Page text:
Cardiovascular risks of Long-acting inhalers in COPD patients !
Inhaled anticholinergic use for more than 30 days significantly increases the risk of cardiovascular death, MI, or stroke in patients with COPD by approximately 58%. This increase in the risk of cardiovascular death, MI, or stroke is particularly manifest in the long-term trials. However, in the short-term trials, inhaled anticholinergics do not significantly increase the risk of cardiovascular death, MI, or stroke, although the direction of the effect is similar to that of the long-term trials. Inhaled anticholinergics also significantly increase the risk of the individual end points of MI and cardiovascular death without a statistically significant increase in the risk of stroke and all-cause mortality.
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The precise biological mechanisms by which inhaled anticholinergics increase the risk of cardiovascular death, MI, or stroke among patients with COPD are uncertain. In the Lung Health Study, there was an increase in the incidence of supraventricular tachycardia with inhaled ipratropium consistent with the vagolytic nature of the drug. Chronic obstructive pulmonary disease is increasingly being recognized as a systemic inflammatory disease and inflammatory cytokines may potentially play a role in mediating the systemic cardiovascular effects of COPD. Inhaled tiotropium significantly increased the risk of sputum IL-8 compared with placebo in a year-long placebo-controlled trial, without any significant difference in the levels of serum C-reactive protein and IL-6 levels. Serum IL-8 also may increase the risk of cardiovascular events by destabilizing existing atherosclerotic plaque It needs to be investigated whether this increased risk of cardiovascular events is mediated via inflammatory cytokines.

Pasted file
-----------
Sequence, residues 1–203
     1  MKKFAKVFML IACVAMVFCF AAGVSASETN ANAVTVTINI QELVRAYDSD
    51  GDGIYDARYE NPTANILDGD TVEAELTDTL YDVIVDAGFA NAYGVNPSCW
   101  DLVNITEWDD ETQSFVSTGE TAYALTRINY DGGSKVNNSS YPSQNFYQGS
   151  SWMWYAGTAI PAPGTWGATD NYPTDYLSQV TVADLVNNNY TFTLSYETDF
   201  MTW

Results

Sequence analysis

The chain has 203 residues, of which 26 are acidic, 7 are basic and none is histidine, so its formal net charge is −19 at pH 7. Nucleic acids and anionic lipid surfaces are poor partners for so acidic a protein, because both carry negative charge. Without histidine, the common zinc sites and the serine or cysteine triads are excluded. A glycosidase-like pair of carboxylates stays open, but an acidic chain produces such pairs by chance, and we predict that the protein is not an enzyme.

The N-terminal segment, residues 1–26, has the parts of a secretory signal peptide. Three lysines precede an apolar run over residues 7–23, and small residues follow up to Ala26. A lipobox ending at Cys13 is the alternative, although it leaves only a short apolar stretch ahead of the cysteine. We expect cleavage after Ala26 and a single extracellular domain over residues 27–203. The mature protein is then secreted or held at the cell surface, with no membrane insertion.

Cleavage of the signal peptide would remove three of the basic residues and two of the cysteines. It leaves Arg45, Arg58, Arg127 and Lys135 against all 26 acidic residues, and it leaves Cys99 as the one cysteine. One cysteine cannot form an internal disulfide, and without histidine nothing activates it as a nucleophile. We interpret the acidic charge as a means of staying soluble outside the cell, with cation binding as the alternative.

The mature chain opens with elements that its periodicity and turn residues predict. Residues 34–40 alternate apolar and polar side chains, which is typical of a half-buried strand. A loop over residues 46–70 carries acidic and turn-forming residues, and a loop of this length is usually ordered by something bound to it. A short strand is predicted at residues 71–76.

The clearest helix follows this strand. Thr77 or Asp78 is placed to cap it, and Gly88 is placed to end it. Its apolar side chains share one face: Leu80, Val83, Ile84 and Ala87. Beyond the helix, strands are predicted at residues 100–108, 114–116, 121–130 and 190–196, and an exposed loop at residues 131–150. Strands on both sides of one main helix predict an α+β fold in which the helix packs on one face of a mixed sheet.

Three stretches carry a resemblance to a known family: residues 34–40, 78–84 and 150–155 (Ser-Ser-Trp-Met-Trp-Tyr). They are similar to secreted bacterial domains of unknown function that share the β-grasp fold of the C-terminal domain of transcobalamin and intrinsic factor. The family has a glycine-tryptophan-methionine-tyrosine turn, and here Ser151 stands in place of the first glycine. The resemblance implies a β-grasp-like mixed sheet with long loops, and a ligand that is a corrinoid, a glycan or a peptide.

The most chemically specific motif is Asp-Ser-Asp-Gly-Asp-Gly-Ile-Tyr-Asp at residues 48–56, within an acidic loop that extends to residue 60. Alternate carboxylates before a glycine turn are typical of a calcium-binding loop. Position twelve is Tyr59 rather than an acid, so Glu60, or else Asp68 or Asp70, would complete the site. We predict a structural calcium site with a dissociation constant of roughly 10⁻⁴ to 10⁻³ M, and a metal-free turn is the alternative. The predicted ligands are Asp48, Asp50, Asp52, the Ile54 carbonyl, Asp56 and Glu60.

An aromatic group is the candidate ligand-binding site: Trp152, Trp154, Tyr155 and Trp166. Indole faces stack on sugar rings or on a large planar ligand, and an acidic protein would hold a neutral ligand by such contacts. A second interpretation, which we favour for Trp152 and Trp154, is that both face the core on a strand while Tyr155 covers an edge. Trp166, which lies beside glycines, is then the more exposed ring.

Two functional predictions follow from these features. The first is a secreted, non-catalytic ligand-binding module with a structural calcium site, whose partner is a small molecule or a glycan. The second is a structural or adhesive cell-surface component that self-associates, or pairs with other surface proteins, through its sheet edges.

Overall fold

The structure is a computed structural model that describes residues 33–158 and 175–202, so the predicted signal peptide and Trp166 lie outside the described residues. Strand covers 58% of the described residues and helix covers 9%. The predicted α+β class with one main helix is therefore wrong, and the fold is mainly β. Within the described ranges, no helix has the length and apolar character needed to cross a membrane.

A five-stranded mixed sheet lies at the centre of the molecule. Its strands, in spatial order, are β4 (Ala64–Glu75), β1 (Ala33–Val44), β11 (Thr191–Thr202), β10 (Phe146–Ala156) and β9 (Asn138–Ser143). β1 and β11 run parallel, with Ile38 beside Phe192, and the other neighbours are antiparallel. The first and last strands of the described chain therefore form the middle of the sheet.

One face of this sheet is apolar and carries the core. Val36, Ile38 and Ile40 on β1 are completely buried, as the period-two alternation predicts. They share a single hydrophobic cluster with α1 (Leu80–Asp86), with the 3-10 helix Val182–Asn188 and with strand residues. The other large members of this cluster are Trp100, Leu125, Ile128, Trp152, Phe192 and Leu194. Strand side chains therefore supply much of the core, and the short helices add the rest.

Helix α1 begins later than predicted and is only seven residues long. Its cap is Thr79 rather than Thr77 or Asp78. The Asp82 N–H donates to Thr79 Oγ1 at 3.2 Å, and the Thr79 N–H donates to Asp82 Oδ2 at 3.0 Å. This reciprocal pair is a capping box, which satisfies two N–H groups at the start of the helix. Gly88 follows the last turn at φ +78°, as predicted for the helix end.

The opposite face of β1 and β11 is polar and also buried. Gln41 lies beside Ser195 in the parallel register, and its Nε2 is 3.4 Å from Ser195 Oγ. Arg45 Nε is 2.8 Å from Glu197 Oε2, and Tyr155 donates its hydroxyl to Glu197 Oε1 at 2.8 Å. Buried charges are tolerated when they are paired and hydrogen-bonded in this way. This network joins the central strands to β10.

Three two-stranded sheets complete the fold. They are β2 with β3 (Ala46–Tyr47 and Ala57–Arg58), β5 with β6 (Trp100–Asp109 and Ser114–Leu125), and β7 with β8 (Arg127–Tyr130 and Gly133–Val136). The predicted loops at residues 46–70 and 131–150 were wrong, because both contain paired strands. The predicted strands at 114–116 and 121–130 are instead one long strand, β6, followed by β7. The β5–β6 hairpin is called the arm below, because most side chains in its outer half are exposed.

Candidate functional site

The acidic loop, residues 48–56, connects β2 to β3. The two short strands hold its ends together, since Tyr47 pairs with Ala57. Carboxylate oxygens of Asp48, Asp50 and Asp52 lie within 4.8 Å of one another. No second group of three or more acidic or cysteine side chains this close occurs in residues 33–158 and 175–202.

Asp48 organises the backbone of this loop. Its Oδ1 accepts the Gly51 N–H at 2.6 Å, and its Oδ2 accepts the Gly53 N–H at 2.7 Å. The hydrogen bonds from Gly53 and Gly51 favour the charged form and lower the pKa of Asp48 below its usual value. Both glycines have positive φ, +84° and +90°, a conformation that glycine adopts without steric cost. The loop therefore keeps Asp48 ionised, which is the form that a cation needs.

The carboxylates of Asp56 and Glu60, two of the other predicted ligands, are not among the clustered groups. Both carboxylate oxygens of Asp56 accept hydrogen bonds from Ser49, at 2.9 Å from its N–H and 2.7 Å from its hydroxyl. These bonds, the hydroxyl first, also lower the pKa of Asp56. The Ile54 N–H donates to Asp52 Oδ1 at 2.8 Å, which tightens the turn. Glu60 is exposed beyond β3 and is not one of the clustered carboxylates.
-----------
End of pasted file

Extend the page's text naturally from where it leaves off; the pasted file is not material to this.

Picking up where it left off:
Long-acting anticholinergics are believed to suppress parasympathetic control, whereas [long-acting beta-agonists] are believed to stimulate sympathetic control, both causing an increased risk of tachyarrhythmias, myocardial ischemia, stroke, and death.
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